In any case, it is vital that the ultrasound scans be done in the Infertility Clinic itself, so that your waiting can be minimized - and you don't have to run around from the sonographer to the gynecologist. If there are any abnormal findings, it is vital that your gynecologist see the actual ultrasound for himself during the scan. This provides much more information than the printed pictures.
Today, thanks to the magic of telemedicine, many of our patients can email the jpeg images of their ultrasound scans to us, wherever in the world they may be, so we can actually "see " the images and interpret them ourselves.
What recent advances have occurred in ultrasound ?
Recent Advances in Ultrasound
Ultrasound technology has made dramatic advances in recent years, and now tests have been described which allow the doctor to use ultrasound to assess tubal patency. Basically, these involve passing a fluid into your tubes through the uterus; and the gynecologist can see the passage of the bubbles into the tubes and out into the abdomen. Since this test ( sonosalpingography) can be done in the doctor's clinic itself, and does not involve X-ray radiation, it has advantages - especially for documenting that the tubes are normal. However, the gold standard for tubal testing remains HSG
( hysterosalpingography, an X-ray of the uterus and tubes) and laparoscopy today, because it provides us with a "hard copy" image which can be critically examined.
Doppler: The newer ultrasound machines have Doppler attachments which allow the doctor to judge the flow of blood in the blood vessels. Colour Doppler allows the doctor to "see " the blood flow in the pelvic blood vessels, mapped in color on the monitor. While still a research tool, it may provide important information for assessing the infertile patient in the coming years.
Three ? dimensional ultrasound. Using sophisticated microprocessors, the newest ultrasound machines allow the doctor to reconstruct the image, so that he gets a three dimensional view. While this provides excellent pictures, the true value of this technique for infertility still has to be evaluated. It can be useful in assessing women with uterine anomalies, because it helps the doctor to differentiate between a septate uterus and a bicornuate uterus.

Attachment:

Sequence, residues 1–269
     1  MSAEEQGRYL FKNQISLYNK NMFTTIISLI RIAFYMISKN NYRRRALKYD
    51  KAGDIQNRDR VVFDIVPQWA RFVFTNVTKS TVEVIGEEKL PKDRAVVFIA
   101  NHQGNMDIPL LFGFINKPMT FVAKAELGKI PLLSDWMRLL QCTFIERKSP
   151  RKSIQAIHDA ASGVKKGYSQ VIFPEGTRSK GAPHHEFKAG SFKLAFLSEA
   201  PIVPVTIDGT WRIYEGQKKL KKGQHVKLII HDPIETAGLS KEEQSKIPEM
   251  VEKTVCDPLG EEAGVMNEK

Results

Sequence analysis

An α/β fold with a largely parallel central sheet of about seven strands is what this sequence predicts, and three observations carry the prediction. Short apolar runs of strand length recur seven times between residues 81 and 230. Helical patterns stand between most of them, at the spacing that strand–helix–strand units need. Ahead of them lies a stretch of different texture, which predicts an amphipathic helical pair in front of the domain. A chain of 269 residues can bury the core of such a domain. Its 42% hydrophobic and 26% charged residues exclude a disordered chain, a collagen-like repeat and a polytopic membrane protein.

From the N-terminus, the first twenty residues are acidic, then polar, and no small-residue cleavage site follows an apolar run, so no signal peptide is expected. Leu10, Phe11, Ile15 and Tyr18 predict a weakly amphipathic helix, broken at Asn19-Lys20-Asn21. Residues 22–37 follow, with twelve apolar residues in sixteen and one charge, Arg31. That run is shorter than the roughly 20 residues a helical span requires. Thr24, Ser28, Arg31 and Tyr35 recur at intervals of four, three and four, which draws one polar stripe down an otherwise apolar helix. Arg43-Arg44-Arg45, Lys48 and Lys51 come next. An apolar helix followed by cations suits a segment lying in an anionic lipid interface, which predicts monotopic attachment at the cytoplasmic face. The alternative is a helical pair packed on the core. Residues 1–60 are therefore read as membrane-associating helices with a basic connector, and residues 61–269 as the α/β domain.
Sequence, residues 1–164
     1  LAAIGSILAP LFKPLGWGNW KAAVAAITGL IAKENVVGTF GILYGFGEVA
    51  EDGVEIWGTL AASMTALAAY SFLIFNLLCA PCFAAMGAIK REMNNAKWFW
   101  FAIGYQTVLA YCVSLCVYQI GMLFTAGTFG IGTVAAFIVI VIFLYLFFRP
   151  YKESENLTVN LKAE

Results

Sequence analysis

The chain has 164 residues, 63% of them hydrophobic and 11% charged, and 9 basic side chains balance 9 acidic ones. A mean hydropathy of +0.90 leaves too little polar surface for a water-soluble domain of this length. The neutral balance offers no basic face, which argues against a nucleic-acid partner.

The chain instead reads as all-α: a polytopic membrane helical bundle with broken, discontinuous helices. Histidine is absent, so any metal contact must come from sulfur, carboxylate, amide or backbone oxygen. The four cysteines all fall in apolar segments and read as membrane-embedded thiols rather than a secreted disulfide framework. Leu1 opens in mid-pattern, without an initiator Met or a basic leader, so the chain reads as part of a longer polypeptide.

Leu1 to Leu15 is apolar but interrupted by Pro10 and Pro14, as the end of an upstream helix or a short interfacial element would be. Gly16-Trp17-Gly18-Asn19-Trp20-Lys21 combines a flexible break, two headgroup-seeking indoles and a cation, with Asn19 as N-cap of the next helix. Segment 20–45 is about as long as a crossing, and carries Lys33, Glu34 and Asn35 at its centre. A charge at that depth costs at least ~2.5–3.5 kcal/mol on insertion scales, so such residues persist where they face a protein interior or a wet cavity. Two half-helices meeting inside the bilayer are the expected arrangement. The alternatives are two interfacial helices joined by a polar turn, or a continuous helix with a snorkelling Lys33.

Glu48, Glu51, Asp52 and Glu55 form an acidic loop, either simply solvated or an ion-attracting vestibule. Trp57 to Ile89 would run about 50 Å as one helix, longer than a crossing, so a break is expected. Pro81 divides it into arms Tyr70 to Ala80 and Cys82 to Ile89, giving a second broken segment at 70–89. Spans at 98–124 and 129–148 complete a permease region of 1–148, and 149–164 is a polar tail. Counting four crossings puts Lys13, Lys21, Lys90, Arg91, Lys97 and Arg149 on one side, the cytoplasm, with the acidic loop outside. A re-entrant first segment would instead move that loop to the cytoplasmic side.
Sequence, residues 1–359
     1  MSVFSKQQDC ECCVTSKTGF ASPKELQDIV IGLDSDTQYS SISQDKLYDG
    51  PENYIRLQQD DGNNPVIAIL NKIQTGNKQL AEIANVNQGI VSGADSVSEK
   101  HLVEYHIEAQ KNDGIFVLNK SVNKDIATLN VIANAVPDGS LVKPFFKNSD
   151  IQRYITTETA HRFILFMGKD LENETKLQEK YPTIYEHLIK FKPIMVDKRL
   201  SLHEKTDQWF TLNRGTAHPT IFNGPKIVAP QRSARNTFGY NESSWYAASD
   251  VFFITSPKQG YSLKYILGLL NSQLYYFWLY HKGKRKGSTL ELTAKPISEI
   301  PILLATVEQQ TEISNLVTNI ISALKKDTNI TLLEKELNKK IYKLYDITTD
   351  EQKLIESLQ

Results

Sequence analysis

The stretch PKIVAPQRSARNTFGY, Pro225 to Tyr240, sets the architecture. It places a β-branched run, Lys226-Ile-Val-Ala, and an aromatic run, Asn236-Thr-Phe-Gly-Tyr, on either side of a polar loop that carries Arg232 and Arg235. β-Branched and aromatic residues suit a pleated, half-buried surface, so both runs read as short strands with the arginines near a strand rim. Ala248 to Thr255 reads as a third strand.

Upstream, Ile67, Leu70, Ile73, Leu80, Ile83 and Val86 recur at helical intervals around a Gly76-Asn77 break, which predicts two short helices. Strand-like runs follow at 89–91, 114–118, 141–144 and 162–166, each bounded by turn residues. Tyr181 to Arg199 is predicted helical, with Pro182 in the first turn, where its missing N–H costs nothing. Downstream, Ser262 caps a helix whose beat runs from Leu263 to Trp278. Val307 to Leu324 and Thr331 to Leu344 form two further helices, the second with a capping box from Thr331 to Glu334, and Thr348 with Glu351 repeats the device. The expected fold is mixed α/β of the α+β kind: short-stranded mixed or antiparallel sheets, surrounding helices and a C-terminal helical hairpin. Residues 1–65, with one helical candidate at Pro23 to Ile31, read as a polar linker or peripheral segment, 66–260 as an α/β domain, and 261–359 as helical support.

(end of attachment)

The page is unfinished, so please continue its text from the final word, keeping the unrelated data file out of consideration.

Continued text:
How can ultrasound guided procedures be used to treat infertility ?
Ultrasound now also offers infertile patients newer treatment options not available before. Modern surgical techniques have progressively become less and less invasive - all to the patient's benefit ! From laparotomy to laparoscopy , and now to ultrasound guided procedures, we are witnessing a change in the gynecologist's armamentarium from the knife to the endoscope to the guided needle !
The benefits to the patient of "minimally invasive surgery" are many and include : reduced costs; reduced hospitalisation ; reduced risk of complications; and better preservation of fertility, with increased chance of conception for the future.
Ultrasound-guided procedures can be used to treat a variety of problems seen in the infertile woman:
- Egg pickup for IVF - The use of vaginal ultrasound for egg pickup has made egg retrieval a short, simple and inexpensive procedure, which can be performed in a day-care unit, under sedation and local anesthesia . The ovaries are normally present in the pouch of Douglas, and are very accessible transvaginally. Moreover, the presence of adhesions does not interfere with egg collection.
- Ovarian cyst aspiration. An ovarian cyst is a very common condition in which fluid collects in the ovary. However, cysts which are more than 5 cm in size need to be treated, as they can cause problems ( eg twisting and rupture). Normally, surgery had to be done to remove these cysts - and often this damaged the surrounding normal ovary as well. With ultrasound-guidance, we can stick a needle from the vagina into the cyst, and empty the contents ( usually clear fluid ) by sucking it out. This empties the cyst, which often does not recur.
- Treatment of ectopic pregnancy . With technological advances ( ultrasound and beta-HCG blood tests) the diagnosis of tubal pregnancy can be made very early, usually before rupture. It can be treated by injecting a toxic chemical, methotrexate, into the sac, which causes the tissue to die and then get reabsorbed, without any surgery whatsoever. In more advanced tubal pregnancies, potassium chloride can be injected direct into the heart of the baby in the ectopic gestational sac, thus killing it and preventing it from growing.
- Ultrasound-guided tubal embryo and gamete transfer for IVF and GIFT techniques. Techniques have been devised to pass a special tube - the Jansen-Anderson catheter set - into the fallopian tubes through the vagina under ultrasound guidance, so as to place the embryos and /or the gametes in the fallopian tube. Since the tube offers a better environment for the gametes and embryos than the uterine cavity, it is believed that this will improve pregnancy rates.
- Tubal recanalisation for cornual blocks (proximal tubal obstruction). Often cornual blocks are due to the presence of mucus plugs and amorphous debris in the tubal lumen. Ultrasound guided tubal catheterization can effectively treat the blocked tubes in some of these patients.
The scope of ultrasound guided procedures has increased dramatically in the last few years; and with further improvements in technology, we can expect this list to become even longer, and doctors become more versatile with using this technology.